Over the course of the first disc and the second disc's first three tracks (the sum total of the 1970 material) they gradually expand their palette, experimenting with edgier, more fractious playing. By May 1972, when the second half of the Incus 2LP was recorded, this side had come more fully to the fore, in the form of spikily chattering, burbling trio hubbubs - more in line with the then-emergent strain of playing which we now recognise as Incus improv - comprehensively subsumed into the overall fabric of the music. It is tempting to speculate as to what might have induced this progression, natural though it must have seemed at the time. Initially it sounds as though Bailey, the shift in whose playing - from sedate electric to clipped, brittle acoustic, encompassing signature ching-plink scratching flurries (all unnecessary edges dispassionately trimmed) - is the most immediately audible, forcing the issue, pulling Guy with him, and isolating Rutherford somewhat. But by the end of the disc, however, the group reveal themselves as an equally-voiced entity, all three participating democratically in some commendably flexible and increasingly extroverted interplay.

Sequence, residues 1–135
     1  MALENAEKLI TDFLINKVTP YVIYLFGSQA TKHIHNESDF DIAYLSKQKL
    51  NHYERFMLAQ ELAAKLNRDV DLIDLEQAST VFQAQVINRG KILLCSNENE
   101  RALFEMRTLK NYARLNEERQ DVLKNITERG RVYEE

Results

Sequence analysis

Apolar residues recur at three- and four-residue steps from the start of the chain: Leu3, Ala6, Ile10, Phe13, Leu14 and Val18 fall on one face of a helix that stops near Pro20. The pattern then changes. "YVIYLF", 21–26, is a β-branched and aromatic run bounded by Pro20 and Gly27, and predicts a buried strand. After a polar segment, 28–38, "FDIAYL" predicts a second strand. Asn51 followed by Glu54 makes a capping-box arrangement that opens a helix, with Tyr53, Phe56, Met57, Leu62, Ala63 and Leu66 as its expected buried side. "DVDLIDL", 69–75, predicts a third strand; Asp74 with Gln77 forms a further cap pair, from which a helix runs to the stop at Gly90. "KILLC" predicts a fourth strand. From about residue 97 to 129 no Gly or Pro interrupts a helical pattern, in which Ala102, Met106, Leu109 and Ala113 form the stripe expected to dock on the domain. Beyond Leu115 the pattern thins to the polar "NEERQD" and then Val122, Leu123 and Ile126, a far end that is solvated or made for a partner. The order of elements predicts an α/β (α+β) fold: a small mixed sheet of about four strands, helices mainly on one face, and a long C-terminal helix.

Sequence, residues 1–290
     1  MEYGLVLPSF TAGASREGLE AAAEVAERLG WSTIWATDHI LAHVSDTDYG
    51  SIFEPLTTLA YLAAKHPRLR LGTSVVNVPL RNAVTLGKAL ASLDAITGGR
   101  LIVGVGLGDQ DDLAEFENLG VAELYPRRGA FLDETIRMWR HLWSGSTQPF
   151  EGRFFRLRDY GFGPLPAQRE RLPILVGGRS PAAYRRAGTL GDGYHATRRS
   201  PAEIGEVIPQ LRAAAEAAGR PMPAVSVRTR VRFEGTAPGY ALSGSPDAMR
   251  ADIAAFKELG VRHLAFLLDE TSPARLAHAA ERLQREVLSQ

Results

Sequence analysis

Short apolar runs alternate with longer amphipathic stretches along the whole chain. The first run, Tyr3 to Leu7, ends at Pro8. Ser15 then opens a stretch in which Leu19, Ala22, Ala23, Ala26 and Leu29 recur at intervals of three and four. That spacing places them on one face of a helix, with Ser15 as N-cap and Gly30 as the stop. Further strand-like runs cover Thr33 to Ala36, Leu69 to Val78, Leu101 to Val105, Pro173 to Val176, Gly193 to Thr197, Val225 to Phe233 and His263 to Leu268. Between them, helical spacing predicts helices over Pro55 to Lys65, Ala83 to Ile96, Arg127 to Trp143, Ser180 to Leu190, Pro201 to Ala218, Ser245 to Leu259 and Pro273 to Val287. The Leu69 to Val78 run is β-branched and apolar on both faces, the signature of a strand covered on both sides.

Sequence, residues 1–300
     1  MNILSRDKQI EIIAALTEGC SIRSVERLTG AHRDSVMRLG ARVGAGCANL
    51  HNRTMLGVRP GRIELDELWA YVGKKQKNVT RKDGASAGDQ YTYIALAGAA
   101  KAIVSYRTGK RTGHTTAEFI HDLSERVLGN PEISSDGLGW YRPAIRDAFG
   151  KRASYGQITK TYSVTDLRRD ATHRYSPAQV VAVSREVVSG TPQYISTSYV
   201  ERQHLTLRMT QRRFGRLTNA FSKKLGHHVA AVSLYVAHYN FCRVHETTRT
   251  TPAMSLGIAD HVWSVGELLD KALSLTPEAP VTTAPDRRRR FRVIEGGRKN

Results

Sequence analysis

The third disc compiles unreleased live recordings: a London gig which occurred at some point in 1971, and material from three shows on what would appear to have been an October/November '72 German tour; one shudders to think what the hirsutely masculine FMP crowd made of such elusively centre-less music. The London recording shows them having noticeably moved on from the first side of the Incus 2LP, the three cannily and incrementally accreting jagged shards of sound into ever more complex mazes of sharp, quick-witted interplay; and by the time of the German gigs - whose sound quality really isn't the best, though the essentials are audible - the transformation is complete. The trio summon forth scabrous, scalding pile-ups, astutely angling sparks off each other and refracting and deflecting sounds in passages of bustling interchange which positively crackle with mordant wit. As though to purposefully confound, the last track is in context relatively sedate, and in parts strongly hints at the group's initial style, allowing the set to conclude with a neat memory loop. CHAPTER ONE provides as much documentation of this phase of this group's existence as anyone could hope for, or require, in the process laying bare the roots and development of a significant strand of a form of improvisational playing whose influence would be felt on a global scale for years to come."